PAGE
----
FEATURES
By Tim Smith and Tim Smith,SUN MUSIC CRITIC | June 11, 2002
Now that the thermometer is registering heavy-duty summer, it's a good time to start thinking about the Baltimore Symphony Orchestra's Summer MusicFest at Meyerhoff Hall. This year's festival, the third under the artistic direction of Mario Venzago, is a little trimmer -- down to four concerts from five the past two years. But it still promises lots of action, not all of it onstage. Venzago has chosen some colorful works to get the MusicFest under way on June 28 -- Liszt's Hungarian Rhapsody No. 4, Ravel's Alborada del gracioso and Respighi's frolicsome La boutique fantasque based on melodies by Rossini.
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By Tim Smith and Tim Smith,SUN MUSIC CRITIC | July 9, 2001
The heartiest ovation at Meyerhoff Symphony Hall Friday evening was reserved for Mario Venzago, the Swiss conductor who wrapped up his second season as artistic director of Summer MusicFest with another typically enthusiastic presentation of another typically imaginative program. His musical gifts and personal charm have understandably earned him a strong following. Venzago's approach to this annual festival by the Baltimore Symphony Orchestra combines substantive repertoire and entertainment value in roughly equal proportions.
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By Tim Smith and Tim Smith,SUN MUSIC CRITIC | June 29, 2001
To paraphrase Noel Coward, it's strange how potent light music can be. Meyerhoff Symphony Hall was awash with this powerful stuff Wednesday for the annual Summer MusicFest presentation "A Night in Old Vienna." In its own way, a waltz by Johann Strauss Jr. is as perfect as a fugue by Bach, a minuet by Mozart. It's no wonder that Brahms, asked for an autograph, once jotted down the opening notes of "On the Beautiful Blue Danube," then wrote underneath: "Unfortunately, not by Johannes Brahms."
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By Stephen Wigler and Stephen Wigler,Sun Music Critic | April 27, 1999
In a mailing to subscribers today, the Baltimore Symphony Orchestra announces details of its Summer MusicFest programs in Meyerhoff Symphony Hall and its outdoor concerts at Oregon Ridge Park.Summer MusicFest, the BSO's five-concert series at the Meyerhoff, begins June 16 with the festival's artistic director, renowned violinist-conductor Pinchas Zukerman, as soloist and conductor in Vivaldi's "Four Seasons."Joining Zukerman in four programs, featuring chamber and orchestral works by Mozart, Tchaikovsky and Beethoven, will be such well-known soloists as pianist Jon Kimura Parker and cellist Gary Hoffman, as well as soloists from the ranks of the orchestra.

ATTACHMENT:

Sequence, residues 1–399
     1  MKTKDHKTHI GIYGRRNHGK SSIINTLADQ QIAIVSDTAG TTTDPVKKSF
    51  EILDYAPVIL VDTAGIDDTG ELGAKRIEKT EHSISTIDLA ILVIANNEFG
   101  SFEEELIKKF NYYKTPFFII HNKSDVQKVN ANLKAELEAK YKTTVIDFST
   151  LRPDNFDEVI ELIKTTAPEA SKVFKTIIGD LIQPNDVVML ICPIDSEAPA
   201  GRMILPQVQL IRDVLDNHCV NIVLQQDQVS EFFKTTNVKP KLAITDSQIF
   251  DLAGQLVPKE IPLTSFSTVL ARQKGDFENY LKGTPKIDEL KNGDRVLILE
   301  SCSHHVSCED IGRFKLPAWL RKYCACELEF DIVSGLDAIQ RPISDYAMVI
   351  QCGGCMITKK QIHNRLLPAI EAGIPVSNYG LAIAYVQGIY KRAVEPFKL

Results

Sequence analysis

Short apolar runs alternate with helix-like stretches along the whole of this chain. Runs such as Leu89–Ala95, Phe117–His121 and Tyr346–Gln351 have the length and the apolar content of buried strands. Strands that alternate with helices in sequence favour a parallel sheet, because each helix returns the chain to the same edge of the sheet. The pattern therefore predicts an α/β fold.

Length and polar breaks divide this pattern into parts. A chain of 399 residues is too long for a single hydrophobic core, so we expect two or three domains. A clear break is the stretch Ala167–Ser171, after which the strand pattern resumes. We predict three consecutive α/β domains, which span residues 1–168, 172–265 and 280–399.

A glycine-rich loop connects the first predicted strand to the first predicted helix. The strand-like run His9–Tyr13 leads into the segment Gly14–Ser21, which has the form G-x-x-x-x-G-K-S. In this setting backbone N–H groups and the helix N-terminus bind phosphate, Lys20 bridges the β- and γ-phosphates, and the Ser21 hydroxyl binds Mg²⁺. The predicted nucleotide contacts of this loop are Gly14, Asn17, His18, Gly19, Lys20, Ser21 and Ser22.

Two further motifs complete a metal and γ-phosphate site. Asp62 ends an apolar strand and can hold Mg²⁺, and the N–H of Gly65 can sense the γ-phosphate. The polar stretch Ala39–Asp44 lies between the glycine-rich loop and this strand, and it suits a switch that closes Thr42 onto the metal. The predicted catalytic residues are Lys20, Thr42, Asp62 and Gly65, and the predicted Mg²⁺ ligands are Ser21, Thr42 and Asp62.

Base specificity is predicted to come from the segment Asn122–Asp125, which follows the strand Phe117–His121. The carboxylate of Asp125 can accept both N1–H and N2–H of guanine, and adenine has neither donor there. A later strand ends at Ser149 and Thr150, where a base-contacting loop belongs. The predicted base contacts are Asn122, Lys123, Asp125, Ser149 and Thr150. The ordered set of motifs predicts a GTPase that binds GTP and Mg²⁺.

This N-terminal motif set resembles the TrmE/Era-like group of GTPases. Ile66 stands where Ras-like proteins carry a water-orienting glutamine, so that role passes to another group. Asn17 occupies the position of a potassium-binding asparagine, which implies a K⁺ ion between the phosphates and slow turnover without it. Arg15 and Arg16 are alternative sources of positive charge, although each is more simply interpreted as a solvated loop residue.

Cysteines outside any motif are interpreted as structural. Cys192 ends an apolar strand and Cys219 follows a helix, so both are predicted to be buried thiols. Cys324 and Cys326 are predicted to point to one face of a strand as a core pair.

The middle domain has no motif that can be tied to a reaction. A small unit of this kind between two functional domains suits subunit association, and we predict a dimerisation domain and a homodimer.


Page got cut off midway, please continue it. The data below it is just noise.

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By Tim Smith and Tim Smith,SUN MUSIC CRITIC | July 14, 2000
The devil, in various guises, cavorted through the Baltimore Symphony Orchestra's Summer MusicFest program Wednesday evening at Meyerhoff Hall, providing a helluva good time. There was Mephistopheles, stirring up hormones in Liszt's Mephisto Waltz. And Paganini, the violinist/composer whose ability to zip through fiendishly difficult music had people convinced he had sold his soul to Beelzebub. And Till Eulenspiegel, the devilish prankster from the Middle Ages immortalized in a Richard Strauss tone poem.
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By Tim Smith and Tim Smith,SUN MUSIC CRITIC | June 25, 2001
The key word to the second, highly satisfying program in the Baltimore Symphony Orchestra's Summer MusicFest was "elegance." Conductor Mario Venzago filled the first half of Friday's concert at Meyerhoff Symphony Hall with the epitome of musical elegance, Mozart, and the second with works by two supremely elegant Frenchmen, Debussy and Ravel. Even the pre-concert chamber music by Schubert and Jean Francaix maintained this theme of refined beauty of expression (as well as the juxtaposition of Austrian and French composers)
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By Tim Smith and Tim Smith,SUN MUSIC CRITIC | June 22, 2001
The Baltimore Symphony Orchestra has plunged directly from its demanding regular concert season into its annual Summer MusicFest with hardly a breath in between. Wednesday's opener at Meyerhoff Symphony Hall found the players none the worse for wear, and festival artistic director Mario Venzago very much in the mood to make engaging music. Typically, festivals begin on a rousing note. The Swiss-born Venzago took delight in telling the audience - after first offering his now-traditional apology for his English - that this festival was beginning with a "piano."